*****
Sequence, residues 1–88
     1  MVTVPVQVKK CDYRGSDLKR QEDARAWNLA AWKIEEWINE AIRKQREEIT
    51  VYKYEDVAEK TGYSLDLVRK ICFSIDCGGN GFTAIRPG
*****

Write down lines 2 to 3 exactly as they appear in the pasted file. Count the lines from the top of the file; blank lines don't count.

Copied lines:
     1  MVTVPVQVKK CDYRGSDLKR QEDARAWNLA AWKIEEWINE AIRKQREEIT
    51  VYKYEDVAEK TGYSLDLVRK ICFSIDCGGN GFTAIRPG